|Bid||6.76 x 4000|
|Ask||6.81 x 27000|
|Day's range||6.61 - 6.84|
|52-week range||2.81 - 7.26|
|Beta (5Y monthly)||1.00|
|PE ratio (TTM)||N/A|
|Earnings date||29 Jul 2020 - 03 Aug 2020|
|Forward dividend & yield||N/A (N/A)|
|1y target est||7.35|
Google announced its plans to acquire Fitbit for $2.1 billion back in November. As of this writing, the deal has yet to go through, courtesy of all the usual regulatory scrutiny that occurs any time one large company buys another. Citing “people familiar with the matter,” Reuters notes that Google may be facing down some scrutiny in the form of an EU antitrust investigation if it doesn’t make some concessions.
The European Union (EU) expects concessions before its regulator allows Alphabet (NASDAQ: GOOG)(NASDAQ: GOOGL) unit Google to acquire Fitbit (NYSE: FIT). According to a report from Reuters citing "people familiar with the matter," the U.S. tech giant will have to give up something in order for the deal to clear the European Commission's (EC) antitrust review process. One possible solution is that Google concretely promises that it will not misuse Fitbit user data by culling it to target advertising, the article's sources said.
Google can avoid an EU probe of its planned takeover of Fitbit. Reuters sources say Brussels would be satisfied with a pledge not to use Fitbit’s health data to target ads. The 2.1 billion dollar bid was announced last November. It would allow Google to take on Apple, Samsung and others in the fitness tracking and smartwatch market. But the plan has drawn heavy criticism from privacy advocates. They worry what Google would do with access to Fitbit’s trove of personal health data. Concerns too about competition. The European Commission is examining whether the takeover would cement Google’s dominance of online advertising. Sources say it’s set to trigger a four-month probe of the deal if Google doesn’t offer concessions by Monday (July 13). But they say the search giant could avert that by offering a binding pledge not to use health data for advertising. Google has dismissed all the concerns. It says the deal is about devices, not data, and will only boost competition. The smart wearables market is currently dominated by Apple, which has an almost 30 percent market share.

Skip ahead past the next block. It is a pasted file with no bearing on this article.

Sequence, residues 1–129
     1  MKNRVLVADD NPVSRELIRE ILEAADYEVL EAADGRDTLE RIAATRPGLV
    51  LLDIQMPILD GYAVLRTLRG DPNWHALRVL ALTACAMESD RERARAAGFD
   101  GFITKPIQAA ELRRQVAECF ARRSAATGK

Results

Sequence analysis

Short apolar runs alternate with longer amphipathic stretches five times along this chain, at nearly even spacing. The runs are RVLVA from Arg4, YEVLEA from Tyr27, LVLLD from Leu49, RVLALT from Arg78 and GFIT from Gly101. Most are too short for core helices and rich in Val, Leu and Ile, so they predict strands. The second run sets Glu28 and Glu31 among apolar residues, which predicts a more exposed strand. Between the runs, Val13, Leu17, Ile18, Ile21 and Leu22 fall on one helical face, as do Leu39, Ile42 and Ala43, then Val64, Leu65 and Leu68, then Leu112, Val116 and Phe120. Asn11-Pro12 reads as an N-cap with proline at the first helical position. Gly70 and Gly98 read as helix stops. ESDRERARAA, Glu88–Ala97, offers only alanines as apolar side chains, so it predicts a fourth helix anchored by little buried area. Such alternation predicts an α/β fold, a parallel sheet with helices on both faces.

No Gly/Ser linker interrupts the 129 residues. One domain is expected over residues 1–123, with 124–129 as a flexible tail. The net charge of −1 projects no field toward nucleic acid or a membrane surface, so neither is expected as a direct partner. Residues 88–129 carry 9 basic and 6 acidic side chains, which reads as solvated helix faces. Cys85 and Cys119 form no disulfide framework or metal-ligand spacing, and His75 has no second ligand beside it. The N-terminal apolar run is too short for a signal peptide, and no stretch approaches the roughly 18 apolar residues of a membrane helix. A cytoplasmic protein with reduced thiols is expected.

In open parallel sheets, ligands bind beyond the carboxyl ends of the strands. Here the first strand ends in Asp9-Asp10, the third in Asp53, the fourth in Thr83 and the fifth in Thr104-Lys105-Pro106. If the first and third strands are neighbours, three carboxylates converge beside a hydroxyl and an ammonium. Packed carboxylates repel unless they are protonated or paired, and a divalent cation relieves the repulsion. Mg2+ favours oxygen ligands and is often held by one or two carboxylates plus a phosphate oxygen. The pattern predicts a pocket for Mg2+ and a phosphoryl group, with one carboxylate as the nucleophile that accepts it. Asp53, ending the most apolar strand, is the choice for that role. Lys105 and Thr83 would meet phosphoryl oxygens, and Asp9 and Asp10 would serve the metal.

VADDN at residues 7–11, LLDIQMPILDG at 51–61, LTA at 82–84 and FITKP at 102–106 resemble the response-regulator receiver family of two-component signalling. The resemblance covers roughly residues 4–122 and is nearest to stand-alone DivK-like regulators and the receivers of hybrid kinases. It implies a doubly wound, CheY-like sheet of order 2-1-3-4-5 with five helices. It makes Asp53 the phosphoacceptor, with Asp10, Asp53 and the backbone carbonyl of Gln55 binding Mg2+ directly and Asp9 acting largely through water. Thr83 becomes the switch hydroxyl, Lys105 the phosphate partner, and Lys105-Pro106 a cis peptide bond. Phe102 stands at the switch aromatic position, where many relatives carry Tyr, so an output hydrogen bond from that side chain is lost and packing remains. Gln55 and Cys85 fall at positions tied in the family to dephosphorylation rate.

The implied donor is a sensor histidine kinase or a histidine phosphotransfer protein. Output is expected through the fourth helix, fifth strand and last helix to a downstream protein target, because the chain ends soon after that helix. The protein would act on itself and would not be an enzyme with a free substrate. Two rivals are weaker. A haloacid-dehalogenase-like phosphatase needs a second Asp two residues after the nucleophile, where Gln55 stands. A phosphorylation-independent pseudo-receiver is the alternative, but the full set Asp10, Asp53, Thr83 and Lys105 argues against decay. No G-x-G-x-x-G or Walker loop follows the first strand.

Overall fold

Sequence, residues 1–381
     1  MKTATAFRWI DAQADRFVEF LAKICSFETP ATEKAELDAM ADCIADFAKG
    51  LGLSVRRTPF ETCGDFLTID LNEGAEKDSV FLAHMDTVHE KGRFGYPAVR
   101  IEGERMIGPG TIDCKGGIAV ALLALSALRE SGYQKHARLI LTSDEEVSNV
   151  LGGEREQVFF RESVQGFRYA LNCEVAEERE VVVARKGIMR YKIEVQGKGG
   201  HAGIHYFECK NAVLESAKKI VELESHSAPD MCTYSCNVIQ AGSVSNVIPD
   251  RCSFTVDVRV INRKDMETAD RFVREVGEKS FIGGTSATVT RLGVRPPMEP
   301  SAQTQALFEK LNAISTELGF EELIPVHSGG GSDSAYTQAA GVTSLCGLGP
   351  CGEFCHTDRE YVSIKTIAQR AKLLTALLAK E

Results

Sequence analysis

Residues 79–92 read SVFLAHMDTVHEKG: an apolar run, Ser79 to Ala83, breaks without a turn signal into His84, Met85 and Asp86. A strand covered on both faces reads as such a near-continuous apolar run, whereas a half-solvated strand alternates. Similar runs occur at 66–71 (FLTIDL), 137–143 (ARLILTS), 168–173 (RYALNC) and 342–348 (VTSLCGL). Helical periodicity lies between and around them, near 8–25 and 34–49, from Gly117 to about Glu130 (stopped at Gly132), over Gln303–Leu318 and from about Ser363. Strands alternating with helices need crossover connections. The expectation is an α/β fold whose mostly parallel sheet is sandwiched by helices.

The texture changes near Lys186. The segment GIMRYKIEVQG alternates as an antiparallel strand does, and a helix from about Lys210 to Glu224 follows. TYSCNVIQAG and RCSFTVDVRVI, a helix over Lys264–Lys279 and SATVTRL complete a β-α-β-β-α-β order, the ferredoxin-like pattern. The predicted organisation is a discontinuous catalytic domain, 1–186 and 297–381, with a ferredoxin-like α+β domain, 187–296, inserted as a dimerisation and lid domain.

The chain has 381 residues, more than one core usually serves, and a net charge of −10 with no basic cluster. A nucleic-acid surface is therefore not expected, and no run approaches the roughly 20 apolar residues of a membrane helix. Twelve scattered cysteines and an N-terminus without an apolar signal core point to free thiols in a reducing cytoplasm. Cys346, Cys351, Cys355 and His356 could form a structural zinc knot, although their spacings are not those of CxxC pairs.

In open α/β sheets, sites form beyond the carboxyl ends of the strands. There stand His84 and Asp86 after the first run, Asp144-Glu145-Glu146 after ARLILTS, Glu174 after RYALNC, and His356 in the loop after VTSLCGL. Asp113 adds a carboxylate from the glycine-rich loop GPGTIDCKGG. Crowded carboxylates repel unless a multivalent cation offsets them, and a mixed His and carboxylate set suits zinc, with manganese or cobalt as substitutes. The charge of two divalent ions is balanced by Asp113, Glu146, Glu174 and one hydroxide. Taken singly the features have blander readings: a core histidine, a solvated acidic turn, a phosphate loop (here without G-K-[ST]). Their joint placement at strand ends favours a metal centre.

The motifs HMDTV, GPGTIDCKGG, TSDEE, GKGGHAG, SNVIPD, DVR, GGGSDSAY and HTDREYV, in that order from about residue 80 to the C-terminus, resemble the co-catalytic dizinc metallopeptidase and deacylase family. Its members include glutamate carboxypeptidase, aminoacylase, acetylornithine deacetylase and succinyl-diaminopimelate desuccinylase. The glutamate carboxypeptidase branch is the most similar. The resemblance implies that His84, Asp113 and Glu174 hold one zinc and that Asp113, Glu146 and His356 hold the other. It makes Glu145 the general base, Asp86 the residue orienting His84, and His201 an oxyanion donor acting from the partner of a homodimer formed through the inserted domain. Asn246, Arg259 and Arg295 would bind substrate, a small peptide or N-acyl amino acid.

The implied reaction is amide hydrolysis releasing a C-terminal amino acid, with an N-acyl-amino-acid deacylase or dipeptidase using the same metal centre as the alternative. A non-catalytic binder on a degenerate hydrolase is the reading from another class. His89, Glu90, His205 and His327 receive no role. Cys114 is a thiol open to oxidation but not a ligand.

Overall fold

Fitbit (NYSE: FIT) is a household name in the fitness market thanks to its simple but effective exercise-activity trackers. With a roster of products including smart watches and wristband activity trackers, Fitbit's offerings record health metrics including heart rate, distance travelled, and steps walked. Most of Fitbit's activity trackers cost between $100 and $175; the company's most recent tracker, the Fitbit Charge 4, cost $149 upon its release in March.
Be wary - the warning from twenty advocacy groups over Google's $2.1 billion bid for fitness tracker firm Fitbit. The groups from the U.S., Europe and Latin America among others signed a statement on Wednesday (July 1). They're worried about privacy and competition issues. The 20 organisations - which include U.S.-based Public Citizen, Access Now from Europe and the Brazilian Institute of Consumer Defense - say the deal would expand the already considerable clout in digital markets of Alphabet's Google. They added that acquiring Fitbit would give Google intimate information about users, such as how many steps they take daily, the quality of their sleep and their heart rates. The statement added that "regulators must assume that Google will in practice utilize the entirety of Fitbit’s unique, highly sensitive data set in combination with its own." A Google spokesperson said the tech wearables space was crowded and that the deal is "about devices, not data." Fitbit's market share has been threatened by deep-pocketed companies like Apple and Samsung. EU antitrust regulators will decide by July 20th whether to clear the deal with or without concessions, or open a longer investigation. In Washington, Google is under antitrust investigation for allegedly using its massive market power to harm smaller competitors.